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Gears 5 Review

You wouldn’t be accused of thinking that the latest game in the Gears of War franchise belongs in the middle of the trilogy’s Locust War. Shooting good reptilian monsters, exploring ruined labs, and chainsaws of other players are the things Gears does best, and Gears 5 is squarely focused on strengthening those core elements. The foundation of the series hasn’t changed much in the sixth installment, but the Coalition adds lots of new ideas in its second game since it took over the reins from the Gears of War franchise. This is our Gears 5 Review.

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Gears 5’s story is mostly obsessed with the past, and to some extent, the Gears of War franchise as a whole remains there, but the new additions help to breathe new life into the best old ideas in the series.

Gears 5 Review: About

  • Platform: Xbox One, Microsoft Windows
  • Developer: The Coalition
  • Publisher: Xbox Game Studios
  • Genres: Third-person shooter
  • Release Date: September 6, 2019

Gears 5 Review: Official Trailer Video

Gears 5 Review: Gameplay

While the new elements don’t stop Gear 5 from feeling true to the earlier games in the series, at least in its 12-hour story mode, there’s also a lot of ground being reviewed. The grasshopper is back, but they’re now called the swarm. For some time, you will try to convince bands of surviving people to join forces with the fascist COG army to fight the Swarm; however, these people are no longer called the Stranded; they are outsiders. Most of the game involves bringing a franchise superweapon, the Hammer of Dawn, back online to use against your enemies.

The story takes after the events of Gears of War 4, in which JD Phoenix son of the series poster boy Marcus Fenix and his friends Del and Kait discovered the swarm threat and were out to stop it. You’ll usually just run around shooting different groups of Swarm monsters from behind the scenes in much the same way as in previous games. Still, Gears of War 4 breaks things with a few variations on the gameplay that improves over its predecessors.

Rather than focusing on JD and his relationship with Marcus as in Gears 4, the sequel addicts on Kait, who lost her mother to the Swarm at the end of the last game. The end of Gears 4 suggested that Kait has a connection to the Locust horde that helped Marcus in the genocide 25 years ago, and a good part of Gears 5 is about investigating that connection and uncovering secrets long buried by the COG government.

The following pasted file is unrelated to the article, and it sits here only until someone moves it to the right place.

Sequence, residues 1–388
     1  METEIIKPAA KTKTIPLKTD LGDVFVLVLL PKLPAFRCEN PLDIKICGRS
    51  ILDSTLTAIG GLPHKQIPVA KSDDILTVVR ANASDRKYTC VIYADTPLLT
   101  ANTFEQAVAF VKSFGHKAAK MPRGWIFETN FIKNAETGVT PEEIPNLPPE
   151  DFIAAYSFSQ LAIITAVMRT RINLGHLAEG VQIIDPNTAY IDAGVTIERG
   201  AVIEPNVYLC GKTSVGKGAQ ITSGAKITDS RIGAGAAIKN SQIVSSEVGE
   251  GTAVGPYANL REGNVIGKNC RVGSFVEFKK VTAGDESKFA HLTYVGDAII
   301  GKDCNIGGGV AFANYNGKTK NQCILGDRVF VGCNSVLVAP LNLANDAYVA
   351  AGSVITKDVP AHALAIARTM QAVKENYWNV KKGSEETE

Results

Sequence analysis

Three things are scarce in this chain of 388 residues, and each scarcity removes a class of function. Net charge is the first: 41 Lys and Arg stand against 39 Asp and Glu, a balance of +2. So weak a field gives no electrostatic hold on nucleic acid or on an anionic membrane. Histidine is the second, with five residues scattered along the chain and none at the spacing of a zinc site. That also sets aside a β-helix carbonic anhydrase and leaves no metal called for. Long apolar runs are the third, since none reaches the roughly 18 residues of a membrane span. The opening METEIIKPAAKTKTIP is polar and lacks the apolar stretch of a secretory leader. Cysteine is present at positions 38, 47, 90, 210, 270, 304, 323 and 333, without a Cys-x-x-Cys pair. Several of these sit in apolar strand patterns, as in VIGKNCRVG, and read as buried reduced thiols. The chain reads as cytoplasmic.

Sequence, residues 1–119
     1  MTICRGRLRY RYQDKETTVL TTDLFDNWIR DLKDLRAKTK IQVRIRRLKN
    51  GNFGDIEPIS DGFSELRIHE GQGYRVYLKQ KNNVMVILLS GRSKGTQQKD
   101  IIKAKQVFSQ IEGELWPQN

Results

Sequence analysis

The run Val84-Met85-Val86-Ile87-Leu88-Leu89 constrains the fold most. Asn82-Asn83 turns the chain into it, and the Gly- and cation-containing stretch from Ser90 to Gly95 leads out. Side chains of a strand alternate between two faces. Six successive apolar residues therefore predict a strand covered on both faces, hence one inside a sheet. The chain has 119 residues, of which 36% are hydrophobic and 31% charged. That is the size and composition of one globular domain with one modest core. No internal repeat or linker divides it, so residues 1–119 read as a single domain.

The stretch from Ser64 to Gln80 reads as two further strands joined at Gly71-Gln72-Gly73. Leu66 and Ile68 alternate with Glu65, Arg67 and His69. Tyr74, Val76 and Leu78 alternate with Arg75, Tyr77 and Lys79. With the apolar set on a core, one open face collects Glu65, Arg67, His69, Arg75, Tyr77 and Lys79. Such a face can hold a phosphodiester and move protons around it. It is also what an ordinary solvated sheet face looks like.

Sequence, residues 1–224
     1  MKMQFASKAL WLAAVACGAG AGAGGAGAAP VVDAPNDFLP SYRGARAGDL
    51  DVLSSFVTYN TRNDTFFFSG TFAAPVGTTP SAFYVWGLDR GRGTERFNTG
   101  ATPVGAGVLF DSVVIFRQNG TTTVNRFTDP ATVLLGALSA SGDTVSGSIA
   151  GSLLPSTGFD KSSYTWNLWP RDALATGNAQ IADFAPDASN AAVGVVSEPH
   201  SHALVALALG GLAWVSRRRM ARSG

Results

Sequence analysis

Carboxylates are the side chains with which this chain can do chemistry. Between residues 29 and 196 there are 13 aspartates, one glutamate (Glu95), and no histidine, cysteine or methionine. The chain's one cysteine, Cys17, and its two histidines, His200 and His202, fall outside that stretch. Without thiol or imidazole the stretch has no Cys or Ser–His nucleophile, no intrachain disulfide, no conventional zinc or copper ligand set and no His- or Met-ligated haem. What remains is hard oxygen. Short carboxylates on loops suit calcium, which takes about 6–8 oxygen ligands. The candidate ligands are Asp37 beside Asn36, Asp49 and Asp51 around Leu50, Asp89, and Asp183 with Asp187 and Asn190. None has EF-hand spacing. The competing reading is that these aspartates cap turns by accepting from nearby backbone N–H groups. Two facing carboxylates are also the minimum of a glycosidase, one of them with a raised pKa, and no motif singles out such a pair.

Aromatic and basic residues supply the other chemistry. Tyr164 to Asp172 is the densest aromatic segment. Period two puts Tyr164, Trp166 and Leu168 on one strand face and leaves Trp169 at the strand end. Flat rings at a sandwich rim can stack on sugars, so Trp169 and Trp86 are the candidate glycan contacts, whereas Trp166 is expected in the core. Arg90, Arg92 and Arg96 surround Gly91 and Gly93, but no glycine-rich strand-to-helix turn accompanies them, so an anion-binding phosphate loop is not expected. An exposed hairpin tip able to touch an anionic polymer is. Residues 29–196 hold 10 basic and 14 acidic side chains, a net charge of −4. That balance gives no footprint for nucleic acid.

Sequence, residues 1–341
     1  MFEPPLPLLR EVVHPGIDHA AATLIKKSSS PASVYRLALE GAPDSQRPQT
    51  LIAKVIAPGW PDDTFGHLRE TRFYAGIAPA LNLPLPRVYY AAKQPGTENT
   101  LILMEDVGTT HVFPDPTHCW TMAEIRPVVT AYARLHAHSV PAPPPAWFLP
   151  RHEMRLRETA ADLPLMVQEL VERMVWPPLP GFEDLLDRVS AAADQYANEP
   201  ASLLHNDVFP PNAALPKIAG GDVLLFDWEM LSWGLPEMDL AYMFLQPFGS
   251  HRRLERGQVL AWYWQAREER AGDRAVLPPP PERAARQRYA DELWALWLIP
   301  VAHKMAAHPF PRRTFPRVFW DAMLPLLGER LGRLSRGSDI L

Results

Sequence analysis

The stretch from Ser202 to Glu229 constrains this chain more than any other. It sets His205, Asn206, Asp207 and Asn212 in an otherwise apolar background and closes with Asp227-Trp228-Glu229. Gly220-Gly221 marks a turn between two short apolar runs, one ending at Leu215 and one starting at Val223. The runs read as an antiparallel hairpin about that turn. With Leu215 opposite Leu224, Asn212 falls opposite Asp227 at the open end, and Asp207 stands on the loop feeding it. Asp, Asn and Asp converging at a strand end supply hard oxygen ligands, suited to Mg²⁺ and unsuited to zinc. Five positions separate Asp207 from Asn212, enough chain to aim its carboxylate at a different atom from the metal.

The open areas won’t take you too far out of the Gears standard – you won’t be accentuated by stray forces or stuck in a shooting in the middle of the wilderness. When you get to an interesting point, you’ll usually get a short mission exploring a building or entering an arena full of enemies. They’re like mini Gears levels that you can take or leave, often with an ambush to confuse you and some weapons, upgrades, or a little surrender at the end.

Story Mode

But what’s tempting about these areas are the many small moments they allow between the characters. Act 2 finds Kait and Del on their own as they explore Kabar, a frozen alpine area full of old COG labs and fortifications where you’ll look for Kait’s answers. But the whole segment is fleshed out by a series of character-building conversations between Kait and Del as they hang out together, basically on a trigger-happy road trip.

Kait offers an exciting alternative to the procedure as Gears 5’s protagonist as well. She’s mostly an outsider in the sense of her anti-COG education, her somewhat weapons-slim relationship with the city boy soldiers she fights with, and her apparent ties to humanity’s greatest enemies. The game doesn’t necessarily spend a lot of time exploring that idea but in the conversations between the Delta team members.

Unfortunately, the rest of Gears 5’s story is uneven. Although Kait’s desire to find out more about her connection to the grasshopper is a strong urge to push the story forward, Gears 5 pretty much wraps up what feels like her inner urge in the middle of the game. The rest is just about Delta crossing around completing various tasks to combat the growing threat from the Swarm, while more personal equipment is left to linger on.